I’m a 5’3, 130 pound female. It’s safe to say that currently the only things I lift are my son and my daughter, and they weigh 40 and 20 pounds, respectively. I know there are some of you out there that could probably bench a Buick. That’s not me. Nope. Your standard glass carboy weighs just over 40 pounds. 6 gallons of fluid weighs about 9 pounds. Add trub, lees, fresh fruit, or whatever else you may be fermenting to that and you may be pushing 60 pounds. That may not seem like a big deal, but this is a large, awkward vessel, with fluid freely sloshing around. Lifting and carrying these things is not easy. Suffice it to say, if you drop it, it’s not going to be pretty. Broken glass, yeasty sediment, and ruined wine or beer EVERYWHERE. On top of that, they are much more expensive than plastic, and thus, harder to replace. A plastic carboy weighs virtually nothing. So with fluid and other good stuff, we’re talking more like 20 pounds, tops. If dropped, they make a loud BONG sound, which is kind of funny. You feel stupid for a minute or so, and then move on with your life.

Exhibit D: Price

I touched on this a bit in the last point, but I’ll reiterate here: plastic carboys are much cheaper than glass. I don’t think I need to expand on this. There are some folks that just need the cheaper option.

Exhibit E: Aesthetic

Just as there are some folks that will always jump for the cheaper option, there’s also the kind of folks that want something pretty. If you are fermenting right in the middle of your dining room, you may want to go with the glass option, simply because they are more pleasing to look at.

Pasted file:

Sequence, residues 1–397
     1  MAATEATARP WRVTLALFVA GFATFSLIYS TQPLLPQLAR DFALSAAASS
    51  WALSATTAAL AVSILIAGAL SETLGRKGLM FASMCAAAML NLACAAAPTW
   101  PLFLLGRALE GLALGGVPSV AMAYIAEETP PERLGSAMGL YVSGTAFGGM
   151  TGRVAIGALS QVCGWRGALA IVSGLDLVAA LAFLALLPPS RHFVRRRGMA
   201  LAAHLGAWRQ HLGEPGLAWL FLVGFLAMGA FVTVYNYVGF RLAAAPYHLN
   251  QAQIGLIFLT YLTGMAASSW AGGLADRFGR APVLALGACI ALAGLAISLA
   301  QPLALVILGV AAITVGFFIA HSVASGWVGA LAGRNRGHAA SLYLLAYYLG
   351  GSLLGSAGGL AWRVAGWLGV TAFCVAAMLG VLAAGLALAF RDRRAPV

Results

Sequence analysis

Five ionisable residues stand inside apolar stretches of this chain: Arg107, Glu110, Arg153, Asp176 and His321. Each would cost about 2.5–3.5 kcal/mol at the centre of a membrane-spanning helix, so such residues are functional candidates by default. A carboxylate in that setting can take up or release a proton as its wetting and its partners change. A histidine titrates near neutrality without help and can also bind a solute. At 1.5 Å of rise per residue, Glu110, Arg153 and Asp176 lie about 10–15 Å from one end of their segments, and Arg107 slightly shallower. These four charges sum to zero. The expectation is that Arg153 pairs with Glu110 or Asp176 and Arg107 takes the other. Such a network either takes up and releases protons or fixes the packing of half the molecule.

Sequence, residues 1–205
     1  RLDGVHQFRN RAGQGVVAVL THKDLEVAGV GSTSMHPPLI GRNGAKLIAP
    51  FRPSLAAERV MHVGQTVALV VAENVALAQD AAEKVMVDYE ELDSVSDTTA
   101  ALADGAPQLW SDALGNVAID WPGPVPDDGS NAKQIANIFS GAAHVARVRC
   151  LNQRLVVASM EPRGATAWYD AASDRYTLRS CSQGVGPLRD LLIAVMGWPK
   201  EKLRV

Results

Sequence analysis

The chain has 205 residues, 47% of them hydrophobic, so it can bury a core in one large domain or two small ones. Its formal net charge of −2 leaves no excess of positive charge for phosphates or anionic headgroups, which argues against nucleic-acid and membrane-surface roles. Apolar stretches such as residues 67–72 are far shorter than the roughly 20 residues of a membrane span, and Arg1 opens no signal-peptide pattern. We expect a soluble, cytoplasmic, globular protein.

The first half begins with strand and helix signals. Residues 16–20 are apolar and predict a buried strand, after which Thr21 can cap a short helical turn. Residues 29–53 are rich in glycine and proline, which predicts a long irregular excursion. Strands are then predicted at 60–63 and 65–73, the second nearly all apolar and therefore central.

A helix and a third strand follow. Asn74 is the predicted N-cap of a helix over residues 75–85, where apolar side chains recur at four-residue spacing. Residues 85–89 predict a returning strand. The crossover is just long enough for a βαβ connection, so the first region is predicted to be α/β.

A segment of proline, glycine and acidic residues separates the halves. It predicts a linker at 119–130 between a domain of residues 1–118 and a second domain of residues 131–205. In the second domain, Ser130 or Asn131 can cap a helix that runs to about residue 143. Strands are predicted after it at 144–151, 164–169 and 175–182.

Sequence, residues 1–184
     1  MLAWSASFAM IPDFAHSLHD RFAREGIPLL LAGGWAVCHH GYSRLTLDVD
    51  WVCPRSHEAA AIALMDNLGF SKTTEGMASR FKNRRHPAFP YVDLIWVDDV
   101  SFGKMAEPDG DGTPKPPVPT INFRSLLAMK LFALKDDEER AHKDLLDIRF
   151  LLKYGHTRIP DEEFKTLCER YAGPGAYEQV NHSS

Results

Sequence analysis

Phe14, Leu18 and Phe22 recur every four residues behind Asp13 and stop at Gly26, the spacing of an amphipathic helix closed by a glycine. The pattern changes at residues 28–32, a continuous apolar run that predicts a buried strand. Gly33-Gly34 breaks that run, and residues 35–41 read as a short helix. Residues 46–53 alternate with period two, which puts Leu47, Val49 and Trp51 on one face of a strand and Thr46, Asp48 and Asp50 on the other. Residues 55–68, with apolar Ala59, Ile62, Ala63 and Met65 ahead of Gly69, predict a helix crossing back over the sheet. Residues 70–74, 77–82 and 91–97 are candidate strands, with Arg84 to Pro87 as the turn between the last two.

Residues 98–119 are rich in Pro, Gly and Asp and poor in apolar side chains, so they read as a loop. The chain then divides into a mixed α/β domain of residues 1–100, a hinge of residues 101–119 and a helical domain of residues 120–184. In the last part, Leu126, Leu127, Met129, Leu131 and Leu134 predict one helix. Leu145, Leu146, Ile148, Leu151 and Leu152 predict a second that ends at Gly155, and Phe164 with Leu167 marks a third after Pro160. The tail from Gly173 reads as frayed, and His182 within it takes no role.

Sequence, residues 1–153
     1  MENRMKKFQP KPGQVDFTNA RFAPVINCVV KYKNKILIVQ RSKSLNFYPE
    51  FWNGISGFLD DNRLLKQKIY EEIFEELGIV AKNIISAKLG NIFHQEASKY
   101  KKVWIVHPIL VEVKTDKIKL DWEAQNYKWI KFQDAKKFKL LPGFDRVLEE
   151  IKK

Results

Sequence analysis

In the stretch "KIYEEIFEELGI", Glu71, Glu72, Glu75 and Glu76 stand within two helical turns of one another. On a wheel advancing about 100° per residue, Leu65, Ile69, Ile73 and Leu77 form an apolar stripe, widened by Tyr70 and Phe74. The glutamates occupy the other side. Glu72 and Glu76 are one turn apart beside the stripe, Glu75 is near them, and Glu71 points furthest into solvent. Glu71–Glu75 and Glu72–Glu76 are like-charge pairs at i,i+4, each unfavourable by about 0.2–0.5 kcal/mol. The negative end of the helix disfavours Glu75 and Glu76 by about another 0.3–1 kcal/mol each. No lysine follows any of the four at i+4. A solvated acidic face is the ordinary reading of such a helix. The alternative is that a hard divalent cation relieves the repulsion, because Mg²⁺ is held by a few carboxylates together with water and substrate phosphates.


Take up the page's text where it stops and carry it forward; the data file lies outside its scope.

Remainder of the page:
Exhibit F: Cleaning

Cleaning is already quite an ordeal with home brewing and winemaking, and a downside to plastic is that they tend to stain easier than glass. You may have noticed this with your racking assemblies and tubing. Over time, all plastic (because it is semi-permeable) will turn a nasty reddish brown color. They also scratch easily, so you are limited as to what brushes you can use to clean them. However, the necks of plastic carboys are wider, and it’s much easier to dump leftover yeast, trub, lees, and sediment. Glass, on the other hand, will never stain and never scratch, but the necks tend to be smaller in width, making it more difficult to dump out unused product.

In Conclusion:

I know you came here wanting answers. I’m like that too. Give me a clear choice. Sorry, brothers and sisters in homebrewing, there is no clear answer here. It’s a matter of preference. Both are widely used in homebrewing and home winemaking. Both will make a fantastic product. But, in case you need the cliff’s notes, here are the main points:

Glass Pros: Easier to clean, never scratch, prettier to look at, with no chance of oxygen permeation. Glass Cons: Bulky, heavy, hard to move. Easily broken. Smaller necks make it harder to transfer. Much more expensive and difficult to replace.

Plastic Pros: Easier to move, easier to lift, and easier to pour due to their wide necks. Science has also made them safe to store food and drink in. Easier on your wallet too. Plastic Cons: Harder to clean. Stains and scratches easily. Not as pretty to look at. Very, very, slight chance of oxygen permeation.

CaptureClear as mud? This is why if you call me and ask which to choose or which one is better, it may turn into a 20 minute long debate. The choice is yours, and yours alone. This is Heidi - HomeBrewIt Customer Service Rep. You can usually find me on our Instragram - @homebrewit.  Give us a follow! Good luck out there, fellow home brewers and wine makers! Cheers!